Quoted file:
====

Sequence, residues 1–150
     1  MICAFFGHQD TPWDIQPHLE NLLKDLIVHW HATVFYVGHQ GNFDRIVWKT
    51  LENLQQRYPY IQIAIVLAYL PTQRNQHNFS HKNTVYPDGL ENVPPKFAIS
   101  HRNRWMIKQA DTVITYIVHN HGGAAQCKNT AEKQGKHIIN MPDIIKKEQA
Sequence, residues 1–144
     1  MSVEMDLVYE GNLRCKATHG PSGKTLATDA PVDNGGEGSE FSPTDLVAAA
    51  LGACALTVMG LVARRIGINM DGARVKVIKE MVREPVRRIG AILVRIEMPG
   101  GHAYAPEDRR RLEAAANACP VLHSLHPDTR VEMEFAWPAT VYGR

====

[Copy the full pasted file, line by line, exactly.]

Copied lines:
Sequence, residues 1–150
     1  MICAFFGHQD TPWDIQPHLE NLLKDLIVHW HATVFYVGHQ GNFDRIVWKT
    51  LENLQQRYPY IQIAIVLAYL PTQRNQHNFS HKNTVYPDGL ENVPPKFAIS
   101  HRNRWMIKQA DTVITYIVHN HGGAAQCKNT AEKQGKHIIN MPDIIKKEQA
Sequence, residues 1–144
     1  MSVEMDLVYE GNLRCKATHG PSGKTLATDA PVDNGGEGSE FSPTDLVAAA
    51  LGACALTVMG LVARRIGINM DGARVKVIKE MVREPVRRIG AILVRIEMPG
   101  GHAYAPEDRR RLEAAANACP VLHSLHPDTR VEMEFAWPAT VYGR